My Parisian fairytale

So, I was in Paris for about a week. Five days to be exact. The trip was absolutely magical. Genuinely, it was ethereal. I fell in awe of the city, the people and the atmosphere. I like big cities, I grew up in one. Paris felt like being transported back to India in the confines of Europe. I fell in love.

It was a city of culture, history and romance. It was a city of taking the metro, walking for miles and adapting to a new environment. It was a city of pure bliss. So much going on, yet you could feel peaceful in it. Metropolitan and fast-paced. The kind of life I am used to in India. The kind of life I could get used to in Europe.

And then, of course, there was the French boy. No, the French man. It was three days of pure, utter magic with him. I got to kiss him, hold his hand and sleep by his side. I got to visit the Eiffel tower with him, walk through a chateau while he told us its history and listen to him explain why the city was designed the way it is. I got to live out a dream with him, kissing him under the Eiffel, with the moment captured forever in a photo. I got to visit Versailles, his hometown, and see the beauty outside of Paris. Being with him was so beautiful. He was different in Paris than he was in Amsterdam. Paris is his city, France is his country. He knows it like the back of his hand. He was confident, kind and mature. Even more so than he was in Amsterdam.

Being in Paris with him was wondrous in itself, but I realised the loss I was feeling only when I returned to Amsterdam. He and I spoke on the phone the day after I returned. We acknowledged that we hadn’t had a conversation about what my leaving meant for us. We didn’t talk about relationships, love, or commitment. I hadn’t felt the need to, while in Paris. And over the phone, he told me that neither had he. It’s not realistic for him and me to discuss these things when it does not seem likely that we will be in the same country, let alone in the same city in the foreseeable future. It’s not realistic to discuss the topic of ‘him and I’ when he doesn’t know where he’s going to be in two months and I know that I can’t leave Amsterdam. It feels a little bit like a loss that we can’t discuss these things without giving one another false hope or breaking each others’ hearts. But his maturity in acknowledging that it is indeed unhelpful to talk about these things really struck a chord with me. I was happy that he said that, even though the reality of it is uncomfortable for me to deal with. I know that there’s no point in discussing these things when we’re separated by borders.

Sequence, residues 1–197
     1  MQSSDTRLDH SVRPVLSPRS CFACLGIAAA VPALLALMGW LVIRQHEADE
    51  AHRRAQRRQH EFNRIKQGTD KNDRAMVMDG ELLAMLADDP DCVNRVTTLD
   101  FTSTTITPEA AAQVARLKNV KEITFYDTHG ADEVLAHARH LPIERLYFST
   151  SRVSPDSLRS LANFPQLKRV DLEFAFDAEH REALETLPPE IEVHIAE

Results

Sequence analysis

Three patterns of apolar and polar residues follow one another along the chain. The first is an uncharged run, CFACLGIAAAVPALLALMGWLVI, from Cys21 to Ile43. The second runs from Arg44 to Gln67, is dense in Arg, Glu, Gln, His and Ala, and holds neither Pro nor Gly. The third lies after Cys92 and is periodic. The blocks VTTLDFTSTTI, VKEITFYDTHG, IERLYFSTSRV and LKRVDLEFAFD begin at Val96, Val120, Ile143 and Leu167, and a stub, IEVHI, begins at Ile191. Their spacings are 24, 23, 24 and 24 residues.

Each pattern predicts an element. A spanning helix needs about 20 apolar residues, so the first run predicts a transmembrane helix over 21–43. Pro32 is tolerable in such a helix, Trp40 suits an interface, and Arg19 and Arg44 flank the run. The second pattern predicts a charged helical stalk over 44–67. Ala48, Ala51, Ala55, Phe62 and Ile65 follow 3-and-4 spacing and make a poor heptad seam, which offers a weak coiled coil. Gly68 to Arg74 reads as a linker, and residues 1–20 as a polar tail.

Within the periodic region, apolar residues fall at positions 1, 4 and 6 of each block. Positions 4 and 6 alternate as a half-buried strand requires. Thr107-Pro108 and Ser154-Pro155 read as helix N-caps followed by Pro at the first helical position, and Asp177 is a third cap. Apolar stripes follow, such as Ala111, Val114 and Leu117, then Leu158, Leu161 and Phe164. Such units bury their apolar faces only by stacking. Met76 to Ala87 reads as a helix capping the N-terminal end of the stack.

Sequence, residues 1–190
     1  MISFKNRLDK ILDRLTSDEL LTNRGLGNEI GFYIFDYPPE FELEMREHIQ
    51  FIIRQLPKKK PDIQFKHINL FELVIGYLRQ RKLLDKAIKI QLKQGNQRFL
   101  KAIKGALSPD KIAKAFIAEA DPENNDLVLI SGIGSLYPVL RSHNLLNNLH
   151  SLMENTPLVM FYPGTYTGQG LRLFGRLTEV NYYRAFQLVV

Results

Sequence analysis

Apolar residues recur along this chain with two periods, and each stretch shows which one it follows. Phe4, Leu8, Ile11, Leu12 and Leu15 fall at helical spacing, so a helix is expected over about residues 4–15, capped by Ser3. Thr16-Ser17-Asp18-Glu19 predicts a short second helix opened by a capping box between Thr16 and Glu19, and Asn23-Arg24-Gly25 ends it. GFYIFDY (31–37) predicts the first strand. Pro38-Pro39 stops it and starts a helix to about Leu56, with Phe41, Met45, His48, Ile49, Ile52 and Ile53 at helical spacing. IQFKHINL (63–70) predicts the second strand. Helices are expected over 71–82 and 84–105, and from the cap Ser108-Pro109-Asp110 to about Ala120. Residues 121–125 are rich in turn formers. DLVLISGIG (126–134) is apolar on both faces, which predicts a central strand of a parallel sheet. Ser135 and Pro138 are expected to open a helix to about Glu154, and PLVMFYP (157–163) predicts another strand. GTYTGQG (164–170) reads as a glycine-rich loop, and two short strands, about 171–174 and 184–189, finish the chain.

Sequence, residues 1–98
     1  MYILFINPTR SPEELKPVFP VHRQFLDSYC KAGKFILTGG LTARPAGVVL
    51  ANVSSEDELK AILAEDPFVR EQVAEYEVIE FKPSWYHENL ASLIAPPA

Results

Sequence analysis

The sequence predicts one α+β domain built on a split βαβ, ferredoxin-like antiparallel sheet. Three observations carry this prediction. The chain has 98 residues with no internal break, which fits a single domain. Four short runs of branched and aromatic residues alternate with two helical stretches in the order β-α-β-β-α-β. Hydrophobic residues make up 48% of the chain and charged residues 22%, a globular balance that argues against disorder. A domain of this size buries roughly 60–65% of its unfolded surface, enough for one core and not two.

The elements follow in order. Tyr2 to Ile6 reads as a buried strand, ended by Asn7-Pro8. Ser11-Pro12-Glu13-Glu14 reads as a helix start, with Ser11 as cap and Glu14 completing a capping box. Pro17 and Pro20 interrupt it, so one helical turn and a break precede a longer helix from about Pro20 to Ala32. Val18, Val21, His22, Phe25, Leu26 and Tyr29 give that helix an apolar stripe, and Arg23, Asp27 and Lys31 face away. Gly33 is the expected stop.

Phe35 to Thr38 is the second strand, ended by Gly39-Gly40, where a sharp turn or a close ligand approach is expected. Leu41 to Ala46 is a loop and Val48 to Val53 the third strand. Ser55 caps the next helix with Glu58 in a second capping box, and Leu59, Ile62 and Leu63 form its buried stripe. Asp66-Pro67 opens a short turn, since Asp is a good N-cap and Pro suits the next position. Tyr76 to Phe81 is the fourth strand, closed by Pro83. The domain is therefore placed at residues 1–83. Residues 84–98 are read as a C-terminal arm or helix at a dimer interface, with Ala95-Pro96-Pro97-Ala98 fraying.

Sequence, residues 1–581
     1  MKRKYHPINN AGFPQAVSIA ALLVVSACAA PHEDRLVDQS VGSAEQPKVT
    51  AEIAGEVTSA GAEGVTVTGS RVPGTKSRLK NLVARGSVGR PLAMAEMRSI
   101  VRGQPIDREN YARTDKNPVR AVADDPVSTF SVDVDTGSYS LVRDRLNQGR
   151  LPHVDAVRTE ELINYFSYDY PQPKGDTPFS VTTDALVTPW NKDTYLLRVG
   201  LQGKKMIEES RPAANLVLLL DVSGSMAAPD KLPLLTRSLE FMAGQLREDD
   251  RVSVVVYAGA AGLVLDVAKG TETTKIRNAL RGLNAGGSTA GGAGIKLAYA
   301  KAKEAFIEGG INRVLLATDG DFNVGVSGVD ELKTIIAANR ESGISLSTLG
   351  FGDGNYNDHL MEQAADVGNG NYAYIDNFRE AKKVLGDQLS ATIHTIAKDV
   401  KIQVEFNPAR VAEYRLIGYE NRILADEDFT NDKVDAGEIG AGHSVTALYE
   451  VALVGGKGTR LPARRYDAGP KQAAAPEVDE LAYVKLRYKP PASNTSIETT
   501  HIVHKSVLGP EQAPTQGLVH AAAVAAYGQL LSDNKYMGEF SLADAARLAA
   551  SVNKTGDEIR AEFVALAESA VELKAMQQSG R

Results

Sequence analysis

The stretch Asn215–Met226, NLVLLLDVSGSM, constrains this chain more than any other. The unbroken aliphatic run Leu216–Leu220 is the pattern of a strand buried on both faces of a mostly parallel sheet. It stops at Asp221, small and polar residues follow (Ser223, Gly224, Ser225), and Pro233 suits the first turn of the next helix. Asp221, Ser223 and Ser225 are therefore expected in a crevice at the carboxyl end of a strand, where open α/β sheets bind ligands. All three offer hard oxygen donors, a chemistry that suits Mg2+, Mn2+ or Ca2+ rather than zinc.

But hearing him hum in agreement with me, hearing him accept the bittersweet nature of our meetings made me only want everything I can’t have more. The fact that he wasn’t willing to give in to something difficult and unreasonable simply because of our momentary emotions only attracted me to him more. I wondered why and realised that it was because we both displayed an immense amount of maturity. I put aside my emotions about what I feel this could be and I imagine that he’s done the same.

And I want to get to know him better. I want to unpack who he is, I want him to do the same for me. During our phone call the other day, I realised that there was so much more to him than what I’d imagined when we first met in Amsterdam. He’s so much braver, curious and worldly than I’d have expected from the man I’d first met. He’s motivated, decisive and an adventurer. He’s polite, resilient and a hard worker. I want to get to know him better. And I just wish we’d have the time.

Being with him was magic. It was a magic with great potential, but I don’t know if we’ll ever have the chance to explore it.

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